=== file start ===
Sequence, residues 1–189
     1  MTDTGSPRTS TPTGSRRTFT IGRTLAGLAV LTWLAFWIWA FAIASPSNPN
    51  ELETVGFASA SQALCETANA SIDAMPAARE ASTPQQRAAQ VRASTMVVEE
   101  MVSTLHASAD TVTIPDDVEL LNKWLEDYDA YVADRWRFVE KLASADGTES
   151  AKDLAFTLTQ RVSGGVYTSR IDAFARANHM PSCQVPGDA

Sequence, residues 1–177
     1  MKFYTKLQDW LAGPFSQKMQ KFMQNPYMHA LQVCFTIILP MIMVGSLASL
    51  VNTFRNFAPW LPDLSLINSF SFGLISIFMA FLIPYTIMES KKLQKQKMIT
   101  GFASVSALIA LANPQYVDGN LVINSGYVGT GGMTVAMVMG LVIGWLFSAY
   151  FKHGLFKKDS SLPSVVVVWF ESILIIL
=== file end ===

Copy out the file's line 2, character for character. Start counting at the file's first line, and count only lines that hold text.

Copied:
     1  MTDTGSPRTS TPTGSRRTFT IGRTLAGLAV LTWLAFWIWA FAIASPSNPN